Our Terms of Service and Privacy Policy have changed.

By continuing to use this site, you are agreeing to the new Privacy Policy and Terms of Service.

Jobless claims bill OK'd by Senate

By Tami Luhby, senior writer


NEW YORK (CNNMoney.com) -- The Senate on Wednesday approved a wide-ranging bill that would push back the deadline to file for extended unemployment insurance until year-end and extends dozens of expired tax breaks.

The bill, passed by a 62-36 vote, is the latest job creation effort to go before lawmakers, though it contains virtually no new initiatives to boost employment. Its price tag has wavered between $140 billion and $150 billion, which is partially offset. Its next stop is the House, where a quick passage is anything but assured.

Lawmakers have come under pressure from both the White House and unemployed Americans to do more to spur hiring. But after many speeches, officials have enacted little to help the nearly 15 million looking for work.

The latest efforts -- which include a $15 billion job creation initiative that the Senate will take up next -- don't sit well with members from either side of the aisle. Some say that more must be done to boost employment. Others, particularly Congressional Republicans, have voiced concerns about adding to the deficit.

While the House passed a comprehensive $154 billion job creation bill in December, the Senate has opted to address the unemployment issue with a series of smaller measures. Senate Majority Leader Harry Reid, D-Nev., has said he will soon unveil additional efforts, including those aimed at small businesses.

In this bill

The bill passed Wednesday would push back the deadline to file for extended jobless benefits and the federal subsidy for COBRA health insurance until Dec. 31.

Federal unemployment benefits kick in after the basic state-funded 26 weeks of coverage expire. These federal benefits, worth up to 73 weeks, are divided into tiers, and the jobless must apply each time they move into a new tier.

The measure would also extend dozens of tax provisions -- including allowing teachers to deduct education expenses and providing businesses a research and development credit -- that expired at the end of last year.

"Getting Americans back to work is a critical priority and extending the tax cuts and benefits in this bill will help build the stable environment we need for job creation," said Senate Finance Committee Chairman Max Baucus, D-Mont., who co-sponsored the bill.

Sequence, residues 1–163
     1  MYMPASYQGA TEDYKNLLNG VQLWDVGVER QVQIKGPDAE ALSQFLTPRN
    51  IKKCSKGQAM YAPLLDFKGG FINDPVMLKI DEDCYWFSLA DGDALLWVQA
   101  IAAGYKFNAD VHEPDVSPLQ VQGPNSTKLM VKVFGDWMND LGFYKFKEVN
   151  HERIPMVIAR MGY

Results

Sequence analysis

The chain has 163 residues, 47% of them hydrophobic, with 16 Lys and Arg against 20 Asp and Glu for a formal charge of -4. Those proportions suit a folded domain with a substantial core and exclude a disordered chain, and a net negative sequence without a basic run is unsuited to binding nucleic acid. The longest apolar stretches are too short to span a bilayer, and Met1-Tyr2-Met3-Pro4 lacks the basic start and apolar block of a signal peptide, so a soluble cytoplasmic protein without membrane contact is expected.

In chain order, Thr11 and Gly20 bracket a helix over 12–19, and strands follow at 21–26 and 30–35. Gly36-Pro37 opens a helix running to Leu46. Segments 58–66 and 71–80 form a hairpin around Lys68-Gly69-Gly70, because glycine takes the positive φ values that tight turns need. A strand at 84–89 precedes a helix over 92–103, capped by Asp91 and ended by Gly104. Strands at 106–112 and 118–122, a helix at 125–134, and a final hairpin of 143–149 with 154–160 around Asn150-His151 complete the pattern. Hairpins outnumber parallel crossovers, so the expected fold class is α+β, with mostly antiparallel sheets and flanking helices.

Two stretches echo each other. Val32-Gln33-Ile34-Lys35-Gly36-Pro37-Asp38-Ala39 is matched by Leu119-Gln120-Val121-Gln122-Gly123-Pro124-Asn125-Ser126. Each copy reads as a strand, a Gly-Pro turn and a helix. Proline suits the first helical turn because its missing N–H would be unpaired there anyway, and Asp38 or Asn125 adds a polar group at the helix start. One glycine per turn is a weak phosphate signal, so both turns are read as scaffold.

It would also temporarily halt a 21% reduction in Medicare physician reimbursement rates. And it would send another $25 billion to the states to help them fund their Medicaid programs for another six months.

The bill also extends two Recovery Act provisions for small businesses. It provides $354 million to continue funding the increased Small Business Administration guarantee and fee waiver through year's end.

Next up

Next up is a $15 billion bill that would:

--Exempt employers from Social Security payroll taxes on new hires who were unemployed.

--Fund highway and transit programs through 2010.

--Extend a tax break for business that spend money on capital investments, such as equipment purchases.

--Expand the use of the Build America Bonds program, which helps states and municipalities fund capital construction projects.

The Senate already passed this measure, but then the House amended it last week, sending it back to the Senate. Should it pass again, this time unchanged, the bill would go to President Obama for his signature. To top of page

Index Last Change % Change
Dow 17,873.22 44.93 0.25%
Nasdaq 4,933.51 31.74 0.65%
S&P 500 2,099.06 8.96 0.43%
Treasuries 1.85 0.03 1.54%
Data as of 12:55am ET
Company Price Change % Change
Bank of America Corp... 14.88 0.18 1.22%
Coca-Cola Enterprise... 51.55 0.69 1.36%
Baxalta Inc 45.53 -0.17 -0.37%
Apple Inc 100.35 -0.06 -0.06%
Micron Technology In... 12.31 0.36 3.01%
Data as of May 27
Sponsors

Sections

Jean-Claude Decaux, the French businessman who produced the first automatic public toilets, died at the age of 78. More

Janet Yellen hinted again Friday that a June or July interest rate hike is a very real possibility. More

The FBI has opened a national security investigation into the hacking of Bangladesh's central bank amid signs that the hack might have come from North Korea. More

The gender pay gap in the labor market is pretty well documented. But the gender gap also exists in the housing market. More